I did something yesterday I’ve never done before: cut pages out of a book. No, this wasn’t censorship; this was rendering Rick Steves’s guide to Amsterdam more portable. I couldn’t believe my visceral reaction against taking a knife to a book. And then, afterward, almost a feeling of relief—another deity bites the dust.
But yesterday I spent the bulk of time thinking about what our panel is going to talk about at the conference next week.
We gathered a few days ago—three out of five of us—on a conference call to begin getting to know one another.
We have an exciting collection of people on the panel. From the Chickasaw Nation in Oklahoma comes writer Linda Hogan, who teaches humanities and whose novels, essays, stories, plays, and poetry have moved millions. I go to her small book of essays, Dwellings: A Spiritual History of the Living World (reissue Norton, 2007) whenever I want to feel more human—more alive, more in touch with the trees and flowers nearby.
(As David Abram says, “We are human only in contact, and conviviality, with what is not human.”)
For some thoughtful words on Dwellings plus some choice quotes, see this review from the Lit Bit blog.
From the Little Pine First Nation in Canada comes Shauneen Pete, former vice president of academics at the First Nations University in Regina, Saskatchewan. Shauneen is a longtime educator and scholar and a colleague of MJ Barrett, of the University of Saskatchewan. MJ and I met at the previous conference of this society eighteen months ago and have been talking on the phone regularly since then. The respondent for the panel will be Graham Harvey of the Open University in the UK, a Pagan and religious studies scholar whose book Animism: Respecting the Living World (Columbia Univ. Press, 2005) gave me words for the kind of spirituality I had been practicing for years.
Our panel session is officially titled “Animism as a Path to Decolonizing the Academy.” It’s a formal way of saying that we regard the world as living and animate and that this way of relating to nature deeply challenges Western ways of knowing. We will talk as Indigenous and non-Indigenous scholars about what it is like from our differing cultural perspectives to engage in respectful, interpersonal relations with nature—what it is like for non-Indigenous scholars to break the great Western taboo against animism, and what it is like as Indigenous scholars to have one’s age-old cultural wisdom continually denigrated by the dominant culture.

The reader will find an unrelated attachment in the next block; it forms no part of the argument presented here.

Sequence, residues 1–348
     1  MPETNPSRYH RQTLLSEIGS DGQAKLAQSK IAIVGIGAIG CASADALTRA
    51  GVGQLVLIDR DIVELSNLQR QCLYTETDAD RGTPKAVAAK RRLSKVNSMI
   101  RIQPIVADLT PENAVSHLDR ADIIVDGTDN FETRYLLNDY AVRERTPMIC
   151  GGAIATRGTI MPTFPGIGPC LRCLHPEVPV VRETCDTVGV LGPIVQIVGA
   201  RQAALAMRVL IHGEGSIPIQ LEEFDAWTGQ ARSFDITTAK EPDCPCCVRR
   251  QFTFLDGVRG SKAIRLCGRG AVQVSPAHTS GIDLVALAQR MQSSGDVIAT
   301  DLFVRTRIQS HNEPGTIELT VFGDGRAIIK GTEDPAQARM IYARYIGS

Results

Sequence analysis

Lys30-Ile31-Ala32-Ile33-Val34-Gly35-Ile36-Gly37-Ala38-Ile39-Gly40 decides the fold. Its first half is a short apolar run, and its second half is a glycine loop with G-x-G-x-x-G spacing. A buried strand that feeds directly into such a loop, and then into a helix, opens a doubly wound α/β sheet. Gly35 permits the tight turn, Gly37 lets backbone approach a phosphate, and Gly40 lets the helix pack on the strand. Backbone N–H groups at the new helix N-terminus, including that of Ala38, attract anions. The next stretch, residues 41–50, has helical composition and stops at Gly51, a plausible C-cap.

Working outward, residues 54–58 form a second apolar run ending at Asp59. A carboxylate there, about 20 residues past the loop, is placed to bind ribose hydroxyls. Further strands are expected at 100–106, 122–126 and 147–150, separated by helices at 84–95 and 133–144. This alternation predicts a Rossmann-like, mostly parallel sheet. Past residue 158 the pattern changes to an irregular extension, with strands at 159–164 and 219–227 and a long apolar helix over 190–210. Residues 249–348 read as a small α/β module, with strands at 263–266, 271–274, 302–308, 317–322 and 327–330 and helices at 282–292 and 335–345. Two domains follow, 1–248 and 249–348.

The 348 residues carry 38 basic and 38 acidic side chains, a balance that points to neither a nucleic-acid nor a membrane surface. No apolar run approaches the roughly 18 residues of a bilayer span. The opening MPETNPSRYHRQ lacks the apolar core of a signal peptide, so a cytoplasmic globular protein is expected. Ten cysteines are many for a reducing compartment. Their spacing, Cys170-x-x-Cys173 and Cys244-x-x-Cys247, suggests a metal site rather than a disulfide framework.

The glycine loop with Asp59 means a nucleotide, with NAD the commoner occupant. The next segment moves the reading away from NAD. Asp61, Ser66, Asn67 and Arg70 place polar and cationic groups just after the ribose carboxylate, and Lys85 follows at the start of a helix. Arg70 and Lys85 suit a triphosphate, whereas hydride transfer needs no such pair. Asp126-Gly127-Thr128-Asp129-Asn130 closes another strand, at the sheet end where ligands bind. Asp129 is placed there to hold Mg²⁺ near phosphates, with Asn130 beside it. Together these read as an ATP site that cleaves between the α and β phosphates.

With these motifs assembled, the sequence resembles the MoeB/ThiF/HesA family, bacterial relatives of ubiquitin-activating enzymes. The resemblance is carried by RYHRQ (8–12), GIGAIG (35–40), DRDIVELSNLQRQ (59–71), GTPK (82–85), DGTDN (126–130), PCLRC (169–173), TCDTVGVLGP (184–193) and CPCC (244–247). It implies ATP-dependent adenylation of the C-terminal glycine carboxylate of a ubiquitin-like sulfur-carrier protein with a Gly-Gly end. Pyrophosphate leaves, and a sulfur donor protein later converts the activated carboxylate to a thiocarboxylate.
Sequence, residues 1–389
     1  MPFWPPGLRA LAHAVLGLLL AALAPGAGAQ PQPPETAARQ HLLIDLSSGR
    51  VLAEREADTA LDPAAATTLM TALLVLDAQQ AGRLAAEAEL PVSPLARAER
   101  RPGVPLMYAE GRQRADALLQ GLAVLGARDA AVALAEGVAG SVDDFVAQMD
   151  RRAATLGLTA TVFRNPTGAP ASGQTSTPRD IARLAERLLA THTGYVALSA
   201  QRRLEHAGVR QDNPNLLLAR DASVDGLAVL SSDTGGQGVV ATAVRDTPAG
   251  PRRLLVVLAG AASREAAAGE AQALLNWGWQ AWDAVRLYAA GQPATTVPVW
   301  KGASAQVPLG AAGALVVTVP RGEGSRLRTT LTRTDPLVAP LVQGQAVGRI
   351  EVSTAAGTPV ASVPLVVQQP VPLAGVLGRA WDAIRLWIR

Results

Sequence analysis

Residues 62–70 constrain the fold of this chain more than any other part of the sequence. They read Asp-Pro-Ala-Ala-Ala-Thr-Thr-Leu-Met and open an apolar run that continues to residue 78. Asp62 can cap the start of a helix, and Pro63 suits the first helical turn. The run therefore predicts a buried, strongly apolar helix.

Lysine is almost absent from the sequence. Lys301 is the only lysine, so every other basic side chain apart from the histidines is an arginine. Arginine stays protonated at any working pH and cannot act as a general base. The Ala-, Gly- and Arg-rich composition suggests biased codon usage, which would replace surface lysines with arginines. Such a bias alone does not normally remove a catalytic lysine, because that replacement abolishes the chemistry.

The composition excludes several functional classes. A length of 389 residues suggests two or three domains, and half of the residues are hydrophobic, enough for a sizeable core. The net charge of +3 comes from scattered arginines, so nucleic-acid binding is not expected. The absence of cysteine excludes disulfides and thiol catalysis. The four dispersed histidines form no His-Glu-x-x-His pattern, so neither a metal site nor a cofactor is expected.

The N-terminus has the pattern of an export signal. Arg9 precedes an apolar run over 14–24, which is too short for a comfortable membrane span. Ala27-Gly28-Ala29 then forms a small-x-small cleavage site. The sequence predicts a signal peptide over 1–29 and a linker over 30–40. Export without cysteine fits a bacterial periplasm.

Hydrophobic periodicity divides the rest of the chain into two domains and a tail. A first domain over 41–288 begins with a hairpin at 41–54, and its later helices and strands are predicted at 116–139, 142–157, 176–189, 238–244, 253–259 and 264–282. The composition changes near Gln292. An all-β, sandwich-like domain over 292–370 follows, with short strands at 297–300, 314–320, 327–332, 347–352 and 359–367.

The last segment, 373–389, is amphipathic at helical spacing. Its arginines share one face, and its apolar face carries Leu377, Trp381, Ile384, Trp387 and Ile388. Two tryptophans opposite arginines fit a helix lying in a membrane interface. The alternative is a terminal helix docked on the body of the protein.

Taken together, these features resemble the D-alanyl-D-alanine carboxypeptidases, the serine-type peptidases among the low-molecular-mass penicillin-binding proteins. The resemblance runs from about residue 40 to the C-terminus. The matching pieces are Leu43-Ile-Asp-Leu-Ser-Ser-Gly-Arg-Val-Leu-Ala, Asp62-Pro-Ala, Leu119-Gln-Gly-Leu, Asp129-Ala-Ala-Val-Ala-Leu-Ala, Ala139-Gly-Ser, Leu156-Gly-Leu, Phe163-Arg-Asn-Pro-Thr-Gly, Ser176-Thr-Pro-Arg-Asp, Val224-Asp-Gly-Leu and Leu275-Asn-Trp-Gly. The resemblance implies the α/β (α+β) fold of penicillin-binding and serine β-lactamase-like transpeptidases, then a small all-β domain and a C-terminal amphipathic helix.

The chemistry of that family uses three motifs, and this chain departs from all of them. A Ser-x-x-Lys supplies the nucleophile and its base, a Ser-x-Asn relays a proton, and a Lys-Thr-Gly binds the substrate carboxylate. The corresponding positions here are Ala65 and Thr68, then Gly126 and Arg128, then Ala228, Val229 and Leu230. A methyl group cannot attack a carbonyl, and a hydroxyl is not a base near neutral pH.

Actually, I don’t know what each of us will talk about. The three of us on the phone decided not to plan out in too much detail what will be said. As one Indigenous person observed, that would be going about it in the Western way. Instead, each of us will craft our presentations depending on what has already been said at the conference and what remains to be said.
For my own part, I will probably speak autobiographically, starting with a story of friendship with a birch tree and filling in the other pieces that led me to this place: feminism, Vedantic nondualism, my own religious background as a Mennonite. (More details on each of these in future posts.)
I expect there to be disagreements, challenges, and unanswered questions during our session. I wouldn’t be surprised if the discussion gets heated. I expect to feel vulnerable—I only recently “came out” as an animist in academic circles—and yet confident also in knowing that animism is a well-explored path toward ecological sustainability in some other cultures, if not in my own.
Most of all, I look forward to the conversations. This conference draws scholars who are looking for better ways of relating to nature—and who are looking to educate others in better ways than Western culture now practices. If I am one of only a few Western academics who publicly calls myself an animist, I know there are many more who are sympathetic and who are looking for ways to also begin speaking about what they learn from the trees or the animals or the flowers.
It is one of the painful ironies of such a conference that each of us who flies to Amsterdam will produce a carbon footprint in one day that is greater than what some people in the world produce in a year.
And yet, here I go.